42 FCC 2d at 299-300
28 U.S.C. § 2112(a) provides in part:
If proceedings have been instituted in two or more courts of appeals with respect to the same order the agency . . . concerned shall file the record in that one of such courts in which a proceeding with respect to such order was first instituted. The other courts in which such proceedings are pending shall thereupon transfer them to the court of appeals in which the record has been filed. For the convenience of the parties in the interest of justice such court may thereafter transfer all the proceedings with respect to such order to any other court of appeals.
But cf. L. J. Marquis & Co. v. SEC, 134 F.2d 335 (2d Cir. 1943) (per curiam ), in which we apparently accepted the suggestion made by the Third Circuit in Columbia Oil & Gasoline Corp. v. SEC, 134 F.2d 265 (3d Cir. 1943), that we transfer the Marquis action to it so that plaintiffs in our case could have their petition for review acted upon by a court where the record had been filed. After we transferred the case, the Third Circuit did reach the merits. L. J. Marquis & Co. v. SEC, 134 F.2d 822 (3d Cir. 1943). This, of course, all arose under a set of circumstances that presumably would be taken care of today by § 2112(a)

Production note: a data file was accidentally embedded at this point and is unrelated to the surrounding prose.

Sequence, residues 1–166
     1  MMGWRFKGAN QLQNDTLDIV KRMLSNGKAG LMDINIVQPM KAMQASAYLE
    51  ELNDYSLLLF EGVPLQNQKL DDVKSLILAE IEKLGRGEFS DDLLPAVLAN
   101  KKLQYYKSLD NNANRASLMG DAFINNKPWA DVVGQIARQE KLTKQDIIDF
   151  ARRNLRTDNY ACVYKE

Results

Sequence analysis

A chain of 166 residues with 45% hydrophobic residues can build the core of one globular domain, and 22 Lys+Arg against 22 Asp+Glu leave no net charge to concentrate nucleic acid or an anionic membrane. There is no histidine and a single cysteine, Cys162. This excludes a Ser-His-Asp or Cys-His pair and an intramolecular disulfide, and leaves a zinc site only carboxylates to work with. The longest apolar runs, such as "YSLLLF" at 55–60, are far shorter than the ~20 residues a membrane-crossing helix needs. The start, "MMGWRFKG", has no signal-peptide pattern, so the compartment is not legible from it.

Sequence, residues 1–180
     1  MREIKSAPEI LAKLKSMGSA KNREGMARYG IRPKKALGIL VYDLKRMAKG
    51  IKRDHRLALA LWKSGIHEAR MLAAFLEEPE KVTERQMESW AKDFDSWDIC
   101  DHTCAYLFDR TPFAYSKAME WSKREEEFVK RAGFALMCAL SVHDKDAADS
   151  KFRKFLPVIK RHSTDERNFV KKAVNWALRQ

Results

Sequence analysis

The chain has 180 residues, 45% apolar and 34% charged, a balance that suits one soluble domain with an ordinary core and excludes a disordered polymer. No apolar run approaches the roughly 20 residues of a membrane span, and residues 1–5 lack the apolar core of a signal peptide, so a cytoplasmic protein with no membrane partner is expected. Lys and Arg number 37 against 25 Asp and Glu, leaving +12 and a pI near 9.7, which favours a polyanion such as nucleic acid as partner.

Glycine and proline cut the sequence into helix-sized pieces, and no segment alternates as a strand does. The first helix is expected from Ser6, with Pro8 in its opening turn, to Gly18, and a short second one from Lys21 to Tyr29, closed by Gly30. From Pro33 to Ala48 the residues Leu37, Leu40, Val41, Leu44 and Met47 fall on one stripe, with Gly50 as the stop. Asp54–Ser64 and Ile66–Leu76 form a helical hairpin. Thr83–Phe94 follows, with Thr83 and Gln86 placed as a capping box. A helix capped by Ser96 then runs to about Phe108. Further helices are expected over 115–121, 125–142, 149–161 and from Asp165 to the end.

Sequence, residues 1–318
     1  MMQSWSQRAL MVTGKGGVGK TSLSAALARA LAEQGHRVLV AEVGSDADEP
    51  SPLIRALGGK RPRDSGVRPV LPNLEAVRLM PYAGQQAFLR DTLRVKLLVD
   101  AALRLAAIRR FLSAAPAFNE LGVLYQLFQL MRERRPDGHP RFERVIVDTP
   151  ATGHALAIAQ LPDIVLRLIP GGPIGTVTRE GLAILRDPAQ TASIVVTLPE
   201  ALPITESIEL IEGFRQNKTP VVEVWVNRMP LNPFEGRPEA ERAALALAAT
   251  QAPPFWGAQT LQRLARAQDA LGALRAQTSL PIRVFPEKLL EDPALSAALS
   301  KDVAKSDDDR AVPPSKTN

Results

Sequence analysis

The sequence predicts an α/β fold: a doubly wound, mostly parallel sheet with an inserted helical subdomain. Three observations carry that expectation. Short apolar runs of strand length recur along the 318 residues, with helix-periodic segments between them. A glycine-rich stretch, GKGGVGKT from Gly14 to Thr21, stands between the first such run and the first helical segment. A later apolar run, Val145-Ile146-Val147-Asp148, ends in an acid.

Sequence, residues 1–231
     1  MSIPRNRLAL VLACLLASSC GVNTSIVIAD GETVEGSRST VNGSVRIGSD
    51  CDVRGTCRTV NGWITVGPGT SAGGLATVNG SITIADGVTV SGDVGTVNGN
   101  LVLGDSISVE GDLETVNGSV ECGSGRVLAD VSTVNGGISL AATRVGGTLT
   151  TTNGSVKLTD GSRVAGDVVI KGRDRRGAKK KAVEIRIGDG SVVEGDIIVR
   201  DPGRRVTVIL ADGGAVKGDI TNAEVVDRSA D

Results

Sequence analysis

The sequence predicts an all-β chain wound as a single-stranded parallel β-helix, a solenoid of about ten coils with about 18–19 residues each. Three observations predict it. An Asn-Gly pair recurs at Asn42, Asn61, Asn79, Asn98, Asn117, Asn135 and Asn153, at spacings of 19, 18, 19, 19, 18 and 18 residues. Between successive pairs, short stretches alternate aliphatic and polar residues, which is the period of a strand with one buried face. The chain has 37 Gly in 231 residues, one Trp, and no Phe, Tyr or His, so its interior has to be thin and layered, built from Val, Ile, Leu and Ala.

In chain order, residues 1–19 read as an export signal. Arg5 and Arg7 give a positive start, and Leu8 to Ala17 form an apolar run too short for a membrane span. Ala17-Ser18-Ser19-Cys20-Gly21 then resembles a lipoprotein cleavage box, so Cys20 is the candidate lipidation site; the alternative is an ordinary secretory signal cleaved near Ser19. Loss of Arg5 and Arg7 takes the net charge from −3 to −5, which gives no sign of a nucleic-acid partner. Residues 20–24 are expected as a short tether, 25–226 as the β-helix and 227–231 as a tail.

Brief for Respondent Commission filed in the District of Columbia Circuit on May 30, 1974, at 41
Brief for Intervenor AT&T filed in the District of Columbia Circuit on June 6, 1974, at 24-27
Reply Brief for Petitioner AT&T, Part I
The Commission has not renewed its motion to transfer because it "does not wish to prolong the matter." Response to (MCI's) Motion to Transfer, at 2. Nevertheless, the Commission points out that:
AT&T should not be permitted to argue at one point that a certain issue is not involved in this case, and then present arguments on that very issue when it has successfully resisted transfer. That is precisely what AT&T has done in this case.
Brief for Petitioner AT&T, at 40; Reply Brief for Petitioner, AT&T, at 16-19